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  1. Today’s Deep Neural Network (DNN) inference systems contain hundreds of billions of parameters, resulting in significant latency and energy overheads during inference due to frequent data transfers between compute and memory units. Processing-in-Memory (PiM) has emerged as a viable solution to tackle this problem by avoiding the expensive data movement. PiM approaches based on electrical devices suffer from throughput and energy efficiency issues. In contrast, Optically-addressed Phase Change Memory (OPCM) operates with light and achieves much higher throughput and energy efficiency compared to its electrical counterparts. This paper introduces a system-level design that takes the OPCM programming overhead into consideration, and identifies that the programming cost dominates the DNN inference on OPCM-based PiM architectures. We explore the design space of this system and identify the most energy-efficient OPCM array size and batch size. We propose a novel thresholding and reordering technique on the weight blocks to further reduce the programming overhead. Combining these optimizations, our approach achieves up to 65.2x higher throughput than existing photonic accelerators for practical DNN workloads. 
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    Free, publicly-accessible full text available August 7, 2024
  2. Phase Change Memory (PCM) is an attractive candidate for main memory, as it offers non-volatility and zero leakage power while providing higher cell densities, longer data retention time, and higher capacity scaling compared to DRAM. In PCM, data is stored in the crystalline or amorphous state of the phase change material. The typical electrically controlled PCM (EPCM), however, suffers from longer write latency and higher write energy compared to DRAM and limited multi-level cell (MLC) capacities. These challenges limit the performance of data-intensive applications running on computing systems with EPCMs.

    Recently, researchers demonstrated optically controlled PCM (OPCM) cells with support for 5bits/cellin contrast to 2bits/cellin EPCM. These OPCM cells can be accessed directly with optical signals that are multiplexed in high-bandwidth-density silicon-photonic links. The higher MLC capacity in OPCM and the direct cell access using optical signals enable an increased read/write throughput and lower energy per access than EPCM. However, due to the direct cell access using optical signals, OPCM systems cannot be designed using conventional memory architecture. We need a complete redesign of the memory architecture that is tailored to the properties of OPCM technology.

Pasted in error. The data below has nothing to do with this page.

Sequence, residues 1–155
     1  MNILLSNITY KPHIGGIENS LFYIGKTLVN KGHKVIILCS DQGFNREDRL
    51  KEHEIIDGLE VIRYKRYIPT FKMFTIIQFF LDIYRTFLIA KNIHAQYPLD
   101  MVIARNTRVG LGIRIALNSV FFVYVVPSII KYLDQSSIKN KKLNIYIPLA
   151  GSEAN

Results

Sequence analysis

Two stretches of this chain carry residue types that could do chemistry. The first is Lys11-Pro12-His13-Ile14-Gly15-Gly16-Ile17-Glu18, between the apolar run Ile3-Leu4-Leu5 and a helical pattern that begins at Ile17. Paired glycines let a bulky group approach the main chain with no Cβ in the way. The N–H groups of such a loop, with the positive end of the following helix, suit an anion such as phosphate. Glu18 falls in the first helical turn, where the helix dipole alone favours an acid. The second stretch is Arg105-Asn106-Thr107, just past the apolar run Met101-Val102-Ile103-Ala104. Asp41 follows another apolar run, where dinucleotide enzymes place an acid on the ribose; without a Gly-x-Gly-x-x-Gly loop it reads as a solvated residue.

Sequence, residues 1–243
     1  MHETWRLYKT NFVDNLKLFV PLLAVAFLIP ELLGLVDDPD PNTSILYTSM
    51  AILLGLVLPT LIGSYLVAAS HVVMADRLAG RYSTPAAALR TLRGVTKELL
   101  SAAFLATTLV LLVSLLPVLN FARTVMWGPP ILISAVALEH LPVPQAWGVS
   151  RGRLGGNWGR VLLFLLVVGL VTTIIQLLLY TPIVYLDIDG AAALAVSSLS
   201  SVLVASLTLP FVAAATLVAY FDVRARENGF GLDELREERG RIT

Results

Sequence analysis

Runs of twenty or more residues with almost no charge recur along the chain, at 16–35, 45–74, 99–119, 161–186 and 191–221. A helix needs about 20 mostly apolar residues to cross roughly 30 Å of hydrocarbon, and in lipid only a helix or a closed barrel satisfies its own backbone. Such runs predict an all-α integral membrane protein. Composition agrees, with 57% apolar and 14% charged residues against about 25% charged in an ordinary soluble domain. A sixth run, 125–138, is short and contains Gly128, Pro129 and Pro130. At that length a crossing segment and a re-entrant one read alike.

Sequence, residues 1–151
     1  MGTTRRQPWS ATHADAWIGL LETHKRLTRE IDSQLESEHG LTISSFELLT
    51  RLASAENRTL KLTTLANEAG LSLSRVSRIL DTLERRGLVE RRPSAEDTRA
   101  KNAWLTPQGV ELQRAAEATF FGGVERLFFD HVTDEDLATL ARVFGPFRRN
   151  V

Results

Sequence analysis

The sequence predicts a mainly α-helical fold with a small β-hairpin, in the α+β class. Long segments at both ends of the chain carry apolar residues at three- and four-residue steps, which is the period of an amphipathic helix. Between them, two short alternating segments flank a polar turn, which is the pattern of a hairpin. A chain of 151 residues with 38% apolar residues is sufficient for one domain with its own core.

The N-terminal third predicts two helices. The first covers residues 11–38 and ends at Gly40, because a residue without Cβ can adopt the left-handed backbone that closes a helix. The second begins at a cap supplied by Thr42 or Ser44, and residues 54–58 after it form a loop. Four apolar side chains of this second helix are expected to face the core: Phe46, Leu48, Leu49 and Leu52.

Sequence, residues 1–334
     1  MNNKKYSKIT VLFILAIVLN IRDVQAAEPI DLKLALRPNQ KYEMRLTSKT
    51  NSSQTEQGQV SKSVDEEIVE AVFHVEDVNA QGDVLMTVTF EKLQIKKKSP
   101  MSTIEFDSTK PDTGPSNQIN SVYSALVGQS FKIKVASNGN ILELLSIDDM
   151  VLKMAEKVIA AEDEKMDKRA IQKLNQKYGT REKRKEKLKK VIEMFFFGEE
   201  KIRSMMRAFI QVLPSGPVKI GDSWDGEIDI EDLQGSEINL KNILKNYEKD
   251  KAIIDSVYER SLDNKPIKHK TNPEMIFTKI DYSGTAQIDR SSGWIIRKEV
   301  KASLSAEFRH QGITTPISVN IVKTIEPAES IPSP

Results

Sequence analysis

This article presents the design of a unified network and main memory system called COSMOS that combines OPCM and silicon-photonic links to achieve high memory throughput. COSMOS is composed of a hierarchical multi-banked OPCM array with novel read and write access protocols. COSMOS uses an Electrical-Optical-Electrical (E-O-E) control unit to map standard DRAM read/write commands (sent in electrical domain) from the memory controller on to optical signals that access the OPCM cells. Our evaluation of a 2.5D-integrated system containing a processor and COSMOS demonstrates2.14 ×average speedup across graph and HPC workloads compared to an EPCM system. COSMOS consumes3.8×lower read energy-per-bit and5.97×lower write energy-per-bit compared to EPCM. COSMOS is the first non-volatile memory that provides comparable performance and energy consumption as DDR5 in addition to increased bit density, higher area efficiency, and improved scalability.

     
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    Heterogeneous systems are commonly used today to sustain the historic benefits we have achieved through technology scaling. 2.5D integration technology provides a cost-effective solution for designing heterogeneous systems. The traditional physical design of a 2.5D heterogeneous system closely packs the chiplets to minimize wirelength, but this leads to a thermally-inefficient design. We propose TAP-2.5D: the first open-source network routing and thermally-aware chiplet placement methodology for heterogeneous 2.5D systems. TAP-2.5D strategically inserts spacing between chiplets to jointly minimize the temperature and total wirelength, and in turn, increases the thermal design power envelope of the overall system. We present three case studies demonstrating the usage and efficacy of TAP-2.5D. 
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